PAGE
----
assign1bfixed - Algorithms and Applications (15-499)...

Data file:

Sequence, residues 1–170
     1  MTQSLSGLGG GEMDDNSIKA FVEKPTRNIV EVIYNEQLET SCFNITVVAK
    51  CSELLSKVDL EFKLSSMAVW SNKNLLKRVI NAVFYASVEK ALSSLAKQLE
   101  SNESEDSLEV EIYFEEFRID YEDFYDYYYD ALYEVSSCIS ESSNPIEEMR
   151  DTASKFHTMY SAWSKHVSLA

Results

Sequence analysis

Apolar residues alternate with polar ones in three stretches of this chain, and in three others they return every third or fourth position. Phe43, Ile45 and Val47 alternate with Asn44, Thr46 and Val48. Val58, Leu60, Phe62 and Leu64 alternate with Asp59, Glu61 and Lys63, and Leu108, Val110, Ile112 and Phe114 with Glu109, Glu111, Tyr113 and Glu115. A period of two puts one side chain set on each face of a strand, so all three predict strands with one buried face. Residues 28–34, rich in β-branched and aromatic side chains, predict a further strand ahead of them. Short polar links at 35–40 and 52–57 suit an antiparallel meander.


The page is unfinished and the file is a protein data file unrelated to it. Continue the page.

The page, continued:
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Unformatted text preview: Algorithms and Applications (15-499) Assignment #1b Due Date: 11 Feb 03 Problem 1: PPM (20pt) A. Suppose an encoder using PPM is currently at a context ab and the current state of the dictionary is given by figure 1. Calculate the amount of information, in bits, required to encode the following letter c. Assume that escape count is given by the number of different characters for each context, and exclusion is not used. Use . Context Counts Context Counts Context Counts empty Figure 1: Dictionary B. Calculate the number of bits required to encode d for the same context and dictionary as in the previous question. Also list the changes made to the dictionary during this step. Assume the alphabet has 26 characters. C. How does the answer to part (b) change if we use exclusion? D. Recompute the answer to part (a) and (b) using exclusion. instead of Problem 2: Lempel-Ziv (20pt) For this question, assume that Gamma codes are used to encode all integers. A. How many bits does the LZ77 algorithm use to encode the string a if the window size and the lookahead buffer is unbounded? Assume that the probability of character a is given by . B. How many bits does LZW take to encode the same string with an unbounded dictionary? 1 & '% £¡ #" §¨¡ ¥ £¡  §¨¡ ¥ § ¡ §¨¡ ¥ § ¡  § ¡  $   ¥   © ¥  ©¥ ¥ ¥ £¡ ¤¢ § !¡ § ¡   ¡  ¥ § ¡ § ¡  £¡  § ¨¡ ¥   ¥ ¦ ¡  £¡  ¦ ¤¡ ¥ , and without using Problem 3: Burrows Wheeler (40pt) Given a string , let be the set of all distinct character substrings of . For , let denote the string formed by each character that follows an occurrence of in . 1 Calculate the number of bits required to encode , using contexts of length . Express the answer in terms of , for . This is known as the th order conditional entropy . Assume that the cost of encoding character probabilities is negligible. The following questions give insight into why it is important to apply Move-To-Front to the output of BW before encoding it. Assume that the cost of encoding character probabilities is negligible. C. What is the output of the BW transform (before MTF) on the string aa(ba) bb? Roughly how many bits does Arithmetic Encoding take to encode this output? Give the answer to within an accuracy of bits. D. Compute the number of bits taken by Arithmetic Encoding on the BW output in part (c) after being processed using MTF. E. Let . [Manzini’99] proves that the number of bits in the Move-To-Front encoding of is roughly at most , where is some constant. Use this to prove that the number of bits taken to encode the output of BW with MTF on a string is at most for any value of . 2 RR Q T2UH RR Q TS3H I PH 1 For example, if mississippi, (ss) = ii and (si) = sp. ©¨ ('& B. Let be the output of the Burrows Wheeler algorithm on string . Show that for any (defined as above), (or a permutation of it) is a substring of . ¥  ©¨  ¥ ¥ ¡) $¥ ¥  ¥ ©¨ #" § @ E¤¢D B @ D¥CA9 ¥£ ¡ B @ 8 ¥ A. Let denote the entropy of a string known as the zeroth order entropy of . based on single character probabilities. This is ¥ §§ £  ¥£ !  ¦¤¡ §£    ¥ £0 © ¨ $ ¥ 7 444 ¥1 $ ¥ 665) 32¥ ¡ ¥ ¥ §¥ ¤¦£ © §£    ¥ $ %¥ § ¥£ ¡ ¤¦¤¢ §¥ GE£ © F Problem 4: Wavelets (20pt) A. Consider the interger range from to . Write down the following functions as a sum of the Haar Wavelets scaled to fit that range. ¥ otherwise B. For each step in the Haar transform the “low-pass” term (the average) and the “high-pass” them (the difference) each depend on two values. In particular: The (5-tap, 3-tap) integer wavelet transform used by the revesible version of JPEG2000 uses the following functions to calculate the low and high pass terms. ) It is called a (5-tap, 3-tap) since the low-pass term depends on five values and the high-pass term depends on three values. In practice it works much better than the Haar transform since it has broader coverage. Show that this is reversible by giving the function for generating the from the and . 3 5 ¦ £ @ 1@ ) @) ¥£ @) ¥ % §) ) £ §!1 @ ) ¥ @ ) ¥ £ ¡ @ £ !1 @ ¥ @ ¥ £ ¡ @ # 4       ! % # ( #  ¥ 2 3 & '   # $ § ¡§ £  ¥ ¦  ¤ 0 1( # @) ¥ ¡ @ 1 @) ¥ ¡ @ ©£ ¡ % ¨ © ¡§ £ " ¥ §  ¤ " §  ¢ £ @ ¡ @ " @  @¥ ...
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